How splendid it is for a country to have its own unique art form. In Portugal, this would be Azulejos, hand-painted and tin-glazed ceramic tiles. In Portugal, these tiules adorn everything from buildings, to churches, to subway stations, to ornate turn-of-the-century railroad stations. Their size can range from the size of a doorway to entire buildings. And, more than just decorative art, the tiles are also often used as construction materials.
“creativity takes courage” Henri Matisse
Azulejos most probably came to Portugal during Moorish rule in the 1400’s. Though the word does sound like the Spanish word for blue, ‘Azul’, ‘Azulejo’ comes from the Arabic ‘Az-Zulayj’ meaning polished stone.
One of the most beautiful examples of azulejos is in one of the most beautiful railway stations in the world – Sao Bento Station in Porto, Portugal. The station opened in 1916 and was built on the site of an old Benedictine monestery. The vestibule, created by artist Jorbge Colaco, is filled with over 20,000 azulejo tiles – an artistic depiction of historic battles and the history of transport.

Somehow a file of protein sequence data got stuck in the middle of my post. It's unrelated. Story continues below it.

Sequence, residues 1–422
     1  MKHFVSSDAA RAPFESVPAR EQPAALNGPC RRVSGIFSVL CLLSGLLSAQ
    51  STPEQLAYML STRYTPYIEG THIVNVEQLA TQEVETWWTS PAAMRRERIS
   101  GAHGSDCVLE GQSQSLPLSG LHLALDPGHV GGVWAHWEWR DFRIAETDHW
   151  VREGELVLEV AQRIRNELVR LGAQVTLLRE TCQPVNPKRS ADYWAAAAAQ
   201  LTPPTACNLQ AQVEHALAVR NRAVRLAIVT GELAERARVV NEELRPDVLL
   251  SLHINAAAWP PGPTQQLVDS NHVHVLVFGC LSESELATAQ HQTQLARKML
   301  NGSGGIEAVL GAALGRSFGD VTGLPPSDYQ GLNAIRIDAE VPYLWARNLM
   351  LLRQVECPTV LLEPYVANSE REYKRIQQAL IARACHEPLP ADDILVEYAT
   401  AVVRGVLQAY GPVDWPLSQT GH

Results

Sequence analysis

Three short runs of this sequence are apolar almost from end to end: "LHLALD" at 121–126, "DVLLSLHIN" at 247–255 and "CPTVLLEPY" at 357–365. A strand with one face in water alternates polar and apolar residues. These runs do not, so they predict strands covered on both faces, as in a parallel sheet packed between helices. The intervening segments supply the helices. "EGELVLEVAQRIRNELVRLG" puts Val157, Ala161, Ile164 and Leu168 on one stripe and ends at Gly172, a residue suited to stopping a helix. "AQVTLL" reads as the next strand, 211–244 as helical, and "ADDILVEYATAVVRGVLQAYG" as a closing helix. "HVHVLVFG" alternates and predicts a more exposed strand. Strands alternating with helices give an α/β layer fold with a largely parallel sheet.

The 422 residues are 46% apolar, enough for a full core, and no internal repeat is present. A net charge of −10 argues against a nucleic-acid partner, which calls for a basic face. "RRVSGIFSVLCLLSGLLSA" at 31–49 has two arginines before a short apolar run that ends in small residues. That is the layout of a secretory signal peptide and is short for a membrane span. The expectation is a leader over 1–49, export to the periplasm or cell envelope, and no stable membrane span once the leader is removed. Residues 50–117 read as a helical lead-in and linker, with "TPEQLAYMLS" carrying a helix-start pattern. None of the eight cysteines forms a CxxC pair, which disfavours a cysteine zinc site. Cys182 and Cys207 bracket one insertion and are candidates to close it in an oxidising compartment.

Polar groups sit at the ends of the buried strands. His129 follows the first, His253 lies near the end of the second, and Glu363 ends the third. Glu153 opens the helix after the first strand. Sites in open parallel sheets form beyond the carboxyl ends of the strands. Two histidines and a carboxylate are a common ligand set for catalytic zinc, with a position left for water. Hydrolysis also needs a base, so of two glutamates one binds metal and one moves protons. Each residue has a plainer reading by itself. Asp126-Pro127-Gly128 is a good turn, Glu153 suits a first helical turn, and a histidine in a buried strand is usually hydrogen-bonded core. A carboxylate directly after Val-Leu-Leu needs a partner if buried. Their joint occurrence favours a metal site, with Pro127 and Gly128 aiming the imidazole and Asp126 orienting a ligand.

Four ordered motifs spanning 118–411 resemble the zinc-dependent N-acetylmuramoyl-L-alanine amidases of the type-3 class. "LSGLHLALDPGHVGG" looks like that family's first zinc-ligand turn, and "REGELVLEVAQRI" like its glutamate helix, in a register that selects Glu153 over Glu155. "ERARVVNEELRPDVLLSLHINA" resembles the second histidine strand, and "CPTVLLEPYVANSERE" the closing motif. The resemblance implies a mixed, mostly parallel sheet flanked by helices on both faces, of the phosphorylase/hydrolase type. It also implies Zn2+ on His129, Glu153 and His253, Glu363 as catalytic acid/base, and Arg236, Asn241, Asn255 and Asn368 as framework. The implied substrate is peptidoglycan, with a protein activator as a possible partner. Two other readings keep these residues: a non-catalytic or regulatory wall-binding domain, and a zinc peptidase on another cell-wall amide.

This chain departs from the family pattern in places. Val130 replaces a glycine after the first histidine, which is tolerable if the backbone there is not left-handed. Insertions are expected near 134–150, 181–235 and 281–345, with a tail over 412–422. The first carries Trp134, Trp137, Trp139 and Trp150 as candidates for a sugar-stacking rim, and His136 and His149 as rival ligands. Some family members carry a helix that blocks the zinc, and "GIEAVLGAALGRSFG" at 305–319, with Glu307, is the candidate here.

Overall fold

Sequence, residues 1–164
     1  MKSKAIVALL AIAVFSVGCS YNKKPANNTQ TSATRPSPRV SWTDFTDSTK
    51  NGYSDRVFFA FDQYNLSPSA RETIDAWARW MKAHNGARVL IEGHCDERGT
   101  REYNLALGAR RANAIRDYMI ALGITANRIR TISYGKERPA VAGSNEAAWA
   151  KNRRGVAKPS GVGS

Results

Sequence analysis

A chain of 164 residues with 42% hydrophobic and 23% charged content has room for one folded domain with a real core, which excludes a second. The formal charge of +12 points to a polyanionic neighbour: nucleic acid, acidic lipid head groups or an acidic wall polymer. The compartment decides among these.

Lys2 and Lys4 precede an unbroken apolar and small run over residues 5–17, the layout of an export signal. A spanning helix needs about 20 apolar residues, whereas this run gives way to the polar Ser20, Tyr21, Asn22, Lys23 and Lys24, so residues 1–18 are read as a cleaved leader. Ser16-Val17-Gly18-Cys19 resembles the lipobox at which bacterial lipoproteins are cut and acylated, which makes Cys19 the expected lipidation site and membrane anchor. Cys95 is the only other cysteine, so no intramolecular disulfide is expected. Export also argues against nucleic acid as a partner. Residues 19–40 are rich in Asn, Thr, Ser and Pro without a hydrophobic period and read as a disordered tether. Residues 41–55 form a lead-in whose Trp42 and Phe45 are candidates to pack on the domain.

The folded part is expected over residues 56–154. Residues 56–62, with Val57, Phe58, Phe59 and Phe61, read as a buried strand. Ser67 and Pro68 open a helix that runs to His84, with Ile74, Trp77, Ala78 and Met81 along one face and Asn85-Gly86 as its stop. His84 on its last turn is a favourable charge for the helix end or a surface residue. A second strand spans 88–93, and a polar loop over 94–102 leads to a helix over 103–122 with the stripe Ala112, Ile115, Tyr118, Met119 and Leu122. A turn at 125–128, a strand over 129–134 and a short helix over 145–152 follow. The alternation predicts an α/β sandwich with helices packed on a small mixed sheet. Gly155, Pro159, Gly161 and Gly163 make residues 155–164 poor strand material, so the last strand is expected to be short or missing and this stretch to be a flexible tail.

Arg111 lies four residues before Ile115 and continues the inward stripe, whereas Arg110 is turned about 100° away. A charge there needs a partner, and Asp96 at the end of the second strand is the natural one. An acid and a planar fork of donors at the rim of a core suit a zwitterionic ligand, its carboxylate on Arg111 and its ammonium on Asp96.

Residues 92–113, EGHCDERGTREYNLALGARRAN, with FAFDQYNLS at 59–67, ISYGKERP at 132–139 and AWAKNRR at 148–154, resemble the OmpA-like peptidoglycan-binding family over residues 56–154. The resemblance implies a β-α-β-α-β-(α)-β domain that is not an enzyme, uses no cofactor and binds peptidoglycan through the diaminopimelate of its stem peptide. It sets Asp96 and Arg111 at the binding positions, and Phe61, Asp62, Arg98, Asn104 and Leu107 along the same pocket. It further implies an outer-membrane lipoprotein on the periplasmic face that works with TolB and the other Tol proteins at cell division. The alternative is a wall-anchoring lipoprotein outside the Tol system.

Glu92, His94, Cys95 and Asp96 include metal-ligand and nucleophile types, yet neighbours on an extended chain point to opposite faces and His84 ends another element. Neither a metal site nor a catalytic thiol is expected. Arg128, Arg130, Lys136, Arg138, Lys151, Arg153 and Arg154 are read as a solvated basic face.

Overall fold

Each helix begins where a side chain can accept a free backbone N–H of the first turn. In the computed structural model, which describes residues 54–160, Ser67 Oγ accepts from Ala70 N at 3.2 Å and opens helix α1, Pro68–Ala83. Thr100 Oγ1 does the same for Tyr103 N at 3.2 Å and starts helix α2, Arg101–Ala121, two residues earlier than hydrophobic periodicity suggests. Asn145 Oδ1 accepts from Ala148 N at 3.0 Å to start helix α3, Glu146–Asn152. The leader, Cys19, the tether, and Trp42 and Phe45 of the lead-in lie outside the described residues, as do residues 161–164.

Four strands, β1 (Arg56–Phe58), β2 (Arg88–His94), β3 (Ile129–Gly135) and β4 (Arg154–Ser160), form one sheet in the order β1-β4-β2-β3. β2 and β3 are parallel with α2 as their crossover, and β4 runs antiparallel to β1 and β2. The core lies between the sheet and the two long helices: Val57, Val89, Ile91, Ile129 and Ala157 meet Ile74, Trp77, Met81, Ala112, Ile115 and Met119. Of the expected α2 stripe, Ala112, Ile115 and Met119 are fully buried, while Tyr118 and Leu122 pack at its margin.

Sao Bento Railway Station, Porto, Portugal
MUST VISIT PLACES FOR AZULEJOS IN PORTUGAL:
Lisbon Subway Stations: Alvalade, Campo Grande, Entrecampos, Rossio, Campo Pequeno.
Sao Bento Railway Station, Porto
Bank of Materials, Porto
Pinhao Railway Station, along Duoro River outside of Porto.
Due to COVID-19, all 2020 tours were cancelled. We remain hopeful for a return to responsible adventure travel in 2021. Until then…